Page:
11 You Asked for It
13 Truth or Consequences
20 Good News
24 Wait Till Your Father Gets
Home -
56 Watt Street Week
50 Hogan's Heroes
8:00 4 13 Sanford and Son
7 24 Brady Bunch
9 Pig and Whistle
11 Mission: Impossible
20 Burke's Law
56 Washington Week in Review
50 Dragnet
8:30 4 13 Little People
7 24 Partridge Family
9 Sports Scene
50 Merv Griffin
56 Off the Record
9:00 4 13 Circle of Fear
7 24 Room 222
News-Don West
11 Movie
"The Segreant" (1968)
20 Ozzie and Harriet -
30 Masterpiece Theatre
56 Tjrnng Points
9:30 2 Movie
(Continued on Page 5)

the nasal bombast of red-baiting
Senator Joe McCarthy, another
nationally televised U.S. Senate
investigation into a public scan-
dal began-the Watergate hear-
relatively undramatic, as the big

witnesses are not scheduled to
appear for some time.
The first person to give testi-
mony, Robert Odle, former di-
rector of administration for the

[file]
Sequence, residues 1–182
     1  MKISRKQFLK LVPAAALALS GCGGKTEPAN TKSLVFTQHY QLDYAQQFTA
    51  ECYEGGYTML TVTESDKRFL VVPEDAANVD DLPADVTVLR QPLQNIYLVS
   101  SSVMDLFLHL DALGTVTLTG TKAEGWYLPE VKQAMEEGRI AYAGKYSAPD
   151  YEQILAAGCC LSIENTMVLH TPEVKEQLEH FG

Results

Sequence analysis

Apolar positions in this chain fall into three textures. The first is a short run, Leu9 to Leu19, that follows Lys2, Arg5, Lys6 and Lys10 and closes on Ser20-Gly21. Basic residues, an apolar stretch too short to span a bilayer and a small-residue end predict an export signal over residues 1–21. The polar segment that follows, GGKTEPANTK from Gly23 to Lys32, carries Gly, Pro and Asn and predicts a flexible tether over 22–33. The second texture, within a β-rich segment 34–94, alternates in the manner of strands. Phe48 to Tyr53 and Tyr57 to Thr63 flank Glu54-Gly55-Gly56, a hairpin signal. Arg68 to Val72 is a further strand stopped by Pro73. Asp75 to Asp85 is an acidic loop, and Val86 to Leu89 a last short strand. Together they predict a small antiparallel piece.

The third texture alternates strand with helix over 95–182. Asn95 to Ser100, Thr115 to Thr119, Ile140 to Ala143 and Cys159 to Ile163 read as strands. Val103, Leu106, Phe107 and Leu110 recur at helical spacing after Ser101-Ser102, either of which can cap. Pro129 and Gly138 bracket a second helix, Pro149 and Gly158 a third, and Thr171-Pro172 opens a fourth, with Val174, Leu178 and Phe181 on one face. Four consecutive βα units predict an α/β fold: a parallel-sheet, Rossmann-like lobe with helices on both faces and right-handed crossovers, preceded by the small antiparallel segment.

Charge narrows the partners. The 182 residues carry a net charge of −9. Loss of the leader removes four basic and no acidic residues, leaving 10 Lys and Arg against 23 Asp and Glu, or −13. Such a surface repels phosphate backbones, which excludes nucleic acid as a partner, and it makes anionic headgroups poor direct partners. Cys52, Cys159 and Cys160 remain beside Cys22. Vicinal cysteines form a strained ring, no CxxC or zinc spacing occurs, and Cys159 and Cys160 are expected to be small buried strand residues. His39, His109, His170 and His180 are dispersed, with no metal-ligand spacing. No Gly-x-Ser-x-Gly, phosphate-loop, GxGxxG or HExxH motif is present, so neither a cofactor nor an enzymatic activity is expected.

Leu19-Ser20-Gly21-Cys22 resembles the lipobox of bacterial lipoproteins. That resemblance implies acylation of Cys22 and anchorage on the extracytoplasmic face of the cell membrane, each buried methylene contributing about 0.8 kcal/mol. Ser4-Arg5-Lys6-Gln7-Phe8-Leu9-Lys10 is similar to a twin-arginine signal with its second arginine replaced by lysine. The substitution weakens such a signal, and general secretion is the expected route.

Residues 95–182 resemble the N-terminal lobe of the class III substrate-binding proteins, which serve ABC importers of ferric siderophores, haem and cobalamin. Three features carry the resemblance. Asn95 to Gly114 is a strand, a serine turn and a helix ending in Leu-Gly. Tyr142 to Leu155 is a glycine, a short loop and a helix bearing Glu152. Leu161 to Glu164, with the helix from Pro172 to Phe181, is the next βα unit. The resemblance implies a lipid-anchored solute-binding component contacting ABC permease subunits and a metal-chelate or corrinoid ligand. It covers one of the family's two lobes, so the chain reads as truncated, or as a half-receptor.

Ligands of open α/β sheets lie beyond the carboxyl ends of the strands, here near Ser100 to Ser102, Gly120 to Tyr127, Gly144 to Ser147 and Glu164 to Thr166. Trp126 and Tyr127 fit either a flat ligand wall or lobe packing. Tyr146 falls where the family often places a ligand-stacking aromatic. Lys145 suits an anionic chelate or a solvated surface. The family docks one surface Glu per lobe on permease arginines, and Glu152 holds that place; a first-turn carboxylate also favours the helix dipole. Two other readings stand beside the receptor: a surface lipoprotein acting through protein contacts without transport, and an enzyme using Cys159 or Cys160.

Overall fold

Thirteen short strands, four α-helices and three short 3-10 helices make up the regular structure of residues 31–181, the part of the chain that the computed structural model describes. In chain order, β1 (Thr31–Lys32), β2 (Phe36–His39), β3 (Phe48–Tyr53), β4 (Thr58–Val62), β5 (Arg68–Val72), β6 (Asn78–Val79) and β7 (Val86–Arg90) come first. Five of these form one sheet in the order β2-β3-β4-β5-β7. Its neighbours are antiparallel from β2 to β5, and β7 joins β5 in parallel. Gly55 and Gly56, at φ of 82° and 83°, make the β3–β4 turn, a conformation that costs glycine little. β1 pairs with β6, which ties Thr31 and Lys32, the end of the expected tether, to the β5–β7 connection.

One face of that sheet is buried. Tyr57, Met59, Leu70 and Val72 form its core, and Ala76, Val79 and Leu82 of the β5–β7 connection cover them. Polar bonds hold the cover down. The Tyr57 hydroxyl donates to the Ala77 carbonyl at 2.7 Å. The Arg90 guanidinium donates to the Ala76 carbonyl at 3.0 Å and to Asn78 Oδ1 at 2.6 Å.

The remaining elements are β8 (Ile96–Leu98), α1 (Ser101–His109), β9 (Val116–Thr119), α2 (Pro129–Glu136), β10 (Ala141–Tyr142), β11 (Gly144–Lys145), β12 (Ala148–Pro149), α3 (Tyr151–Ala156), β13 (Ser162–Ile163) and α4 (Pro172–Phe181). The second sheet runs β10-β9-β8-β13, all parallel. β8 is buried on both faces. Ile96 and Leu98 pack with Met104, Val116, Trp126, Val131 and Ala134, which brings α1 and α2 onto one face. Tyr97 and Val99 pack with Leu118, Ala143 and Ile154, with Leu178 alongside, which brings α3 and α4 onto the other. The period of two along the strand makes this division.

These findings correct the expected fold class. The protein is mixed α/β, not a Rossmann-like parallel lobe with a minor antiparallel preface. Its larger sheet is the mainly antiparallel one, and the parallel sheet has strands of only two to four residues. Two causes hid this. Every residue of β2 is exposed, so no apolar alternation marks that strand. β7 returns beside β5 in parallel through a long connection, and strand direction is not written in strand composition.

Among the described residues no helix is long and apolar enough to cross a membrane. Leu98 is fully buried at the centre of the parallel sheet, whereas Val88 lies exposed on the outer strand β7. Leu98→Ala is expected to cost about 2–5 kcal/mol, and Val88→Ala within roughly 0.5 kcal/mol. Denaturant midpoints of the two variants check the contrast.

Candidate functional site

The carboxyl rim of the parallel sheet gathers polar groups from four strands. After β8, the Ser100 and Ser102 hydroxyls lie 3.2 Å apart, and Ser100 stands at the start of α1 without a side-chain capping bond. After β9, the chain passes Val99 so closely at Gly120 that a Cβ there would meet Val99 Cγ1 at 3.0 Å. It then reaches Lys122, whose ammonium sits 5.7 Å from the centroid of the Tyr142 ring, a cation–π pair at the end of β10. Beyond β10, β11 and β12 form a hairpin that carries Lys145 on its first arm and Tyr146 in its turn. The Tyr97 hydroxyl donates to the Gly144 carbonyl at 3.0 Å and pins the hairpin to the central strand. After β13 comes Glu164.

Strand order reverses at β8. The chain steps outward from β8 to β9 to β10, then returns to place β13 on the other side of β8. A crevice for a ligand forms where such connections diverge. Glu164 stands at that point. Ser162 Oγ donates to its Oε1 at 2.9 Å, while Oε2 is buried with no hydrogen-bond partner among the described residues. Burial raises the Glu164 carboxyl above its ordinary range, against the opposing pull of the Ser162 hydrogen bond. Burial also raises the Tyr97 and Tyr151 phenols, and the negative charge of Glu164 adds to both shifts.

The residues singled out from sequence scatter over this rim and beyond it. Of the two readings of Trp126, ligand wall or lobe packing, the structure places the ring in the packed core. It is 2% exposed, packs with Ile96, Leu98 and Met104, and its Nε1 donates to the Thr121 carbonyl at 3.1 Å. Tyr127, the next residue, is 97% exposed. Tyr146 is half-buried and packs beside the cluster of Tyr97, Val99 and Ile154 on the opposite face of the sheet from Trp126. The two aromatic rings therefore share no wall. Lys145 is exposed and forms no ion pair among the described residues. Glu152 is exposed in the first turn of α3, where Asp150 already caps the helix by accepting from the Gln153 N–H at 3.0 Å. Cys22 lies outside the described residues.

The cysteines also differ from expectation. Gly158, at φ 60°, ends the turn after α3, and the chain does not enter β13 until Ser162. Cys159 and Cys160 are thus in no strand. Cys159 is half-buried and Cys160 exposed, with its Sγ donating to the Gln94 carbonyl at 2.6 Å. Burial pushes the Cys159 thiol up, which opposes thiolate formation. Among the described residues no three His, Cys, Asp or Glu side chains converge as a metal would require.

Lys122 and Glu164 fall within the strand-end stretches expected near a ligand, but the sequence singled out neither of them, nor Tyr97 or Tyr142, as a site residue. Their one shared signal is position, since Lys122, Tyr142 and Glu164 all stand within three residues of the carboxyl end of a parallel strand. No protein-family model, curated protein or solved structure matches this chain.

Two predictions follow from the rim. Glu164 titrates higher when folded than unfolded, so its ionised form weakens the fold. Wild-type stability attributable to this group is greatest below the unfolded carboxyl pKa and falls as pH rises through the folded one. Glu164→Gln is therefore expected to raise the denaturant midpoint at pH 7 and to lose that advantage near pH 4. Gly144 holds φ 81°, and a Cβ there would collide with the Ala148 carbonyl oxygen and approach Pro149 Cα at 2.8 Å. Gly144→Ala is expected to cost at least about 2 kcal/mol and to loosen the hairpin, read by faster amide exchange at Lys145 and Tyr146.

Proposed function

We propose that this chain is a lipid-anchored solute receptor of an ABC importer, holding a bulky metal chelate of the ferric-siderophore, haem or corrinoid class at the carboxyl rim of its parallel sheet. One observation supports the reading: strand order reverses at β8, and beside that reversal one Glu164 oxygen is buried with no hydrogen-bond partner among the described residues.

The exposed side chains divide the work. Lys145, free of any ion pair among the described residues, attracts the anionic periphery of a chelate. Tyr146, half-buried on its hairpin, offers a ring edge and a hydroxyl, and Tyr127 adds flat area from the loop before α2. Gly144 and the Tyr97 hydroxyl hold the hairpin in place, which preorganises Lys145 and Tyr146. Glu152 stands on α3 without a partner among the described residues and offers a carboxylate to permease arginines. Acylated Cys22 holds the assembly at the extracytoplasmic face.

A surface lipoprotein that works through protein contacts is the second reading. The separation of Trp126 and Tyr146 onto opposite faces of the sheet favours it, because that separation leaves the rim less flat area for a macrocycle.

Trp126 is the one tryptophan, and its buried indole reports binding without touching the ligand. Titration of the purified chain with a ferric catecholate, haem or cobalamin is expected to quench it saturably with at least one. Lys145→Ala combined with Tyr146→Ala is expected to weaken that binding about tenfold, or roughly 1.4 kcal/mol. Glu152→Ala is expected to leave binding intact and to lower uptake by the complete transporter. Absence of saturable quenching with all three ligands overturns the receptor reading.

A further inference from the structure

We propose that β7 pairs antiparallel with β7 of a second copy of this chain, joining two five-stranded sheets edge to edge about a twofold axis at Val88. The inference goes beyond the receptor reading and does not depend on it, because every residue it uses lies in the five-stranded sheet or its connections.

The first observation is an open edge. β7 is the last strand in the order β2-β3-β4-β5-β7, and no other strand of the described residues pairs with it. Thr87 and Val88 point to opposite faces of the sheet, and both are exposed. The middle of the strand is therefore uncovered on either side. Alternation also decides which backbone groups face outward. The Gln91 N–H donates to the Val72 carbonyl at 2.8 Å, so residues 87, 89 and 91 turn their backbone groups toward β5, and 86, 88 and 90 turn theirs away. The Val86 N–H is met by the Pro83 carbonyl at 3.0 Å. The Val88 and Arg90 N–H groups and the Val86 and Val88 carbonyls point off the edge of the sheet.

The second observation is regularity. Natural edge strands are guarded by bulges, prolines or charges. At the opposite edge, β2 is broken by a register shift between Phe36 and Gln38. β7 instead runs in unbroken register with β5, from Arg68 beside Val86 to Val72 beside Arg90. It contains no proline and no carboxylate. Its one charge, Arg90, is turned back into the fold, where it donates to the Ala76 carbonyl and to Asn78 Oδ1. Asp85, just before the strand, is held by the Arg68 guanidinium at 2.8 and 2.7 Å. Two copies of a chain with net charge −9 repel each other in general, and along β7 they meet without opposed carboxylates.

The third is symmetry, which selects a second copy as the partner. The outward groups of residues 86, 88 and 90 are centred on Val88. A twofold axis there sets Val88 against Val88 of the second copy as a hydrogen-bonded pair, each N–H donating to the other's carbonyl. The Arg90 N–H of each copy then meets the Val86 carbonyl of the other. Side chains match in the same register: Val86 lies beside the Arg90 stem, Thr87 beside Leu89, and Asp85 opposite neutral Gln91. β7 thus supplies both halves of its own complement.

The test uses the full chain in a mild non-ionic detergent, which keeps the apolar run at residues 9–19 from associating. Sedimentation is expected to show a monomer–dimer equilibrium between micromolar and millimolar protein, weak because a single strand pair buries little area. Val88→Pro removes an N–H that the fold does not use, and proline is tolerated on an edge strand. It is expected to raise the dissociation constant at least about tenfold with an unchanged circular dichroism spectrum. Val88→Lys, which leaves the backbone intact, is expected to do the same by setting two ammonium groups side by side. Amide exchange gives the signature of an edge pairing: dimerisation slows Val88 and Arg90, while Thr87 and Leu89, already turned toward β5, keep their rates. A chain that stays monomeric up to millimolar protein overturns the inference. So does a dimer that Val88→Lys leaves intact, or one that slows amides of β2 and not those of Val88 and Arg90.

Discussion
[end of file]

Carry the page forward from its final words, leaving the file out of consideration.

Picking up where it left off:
Committee for the Re-election of
the President, said campaign
memos and requests went regu-

Forget the politics

Staging a fine production from
a script with puzzling inconsis-
tencies, the Ann Arbor Civic
Theatre opened an eight-day
run of Frank Loesser's The Most
Happy Fella Wednesday night
at Mendelssohn.
Socio - political analysis of
this play would be out of place.
To enjoy Loesser's musical, you
must have or cultivate a belief
in traditional values of courtship
and marriage.,
SET IN a San Francisco res-
taurant in 1927, the play-which
presents practically its whole
story in song-opens with an un-
married waitress (Constance
Avsharian) discovering a ma)e
customer named Tony has left
a tie pin and love note for her,
addressing her as 'Rosabella"
because he doesn't know her
Letters are exchanged, Rosa-
bella sends Tony her picture, but
what can Tony do? An aging
Italian- ranch owner in Califor-
nia's Napa valley, he deceivingly
sends her a photo of his hand-
some foreman, Joe, instead.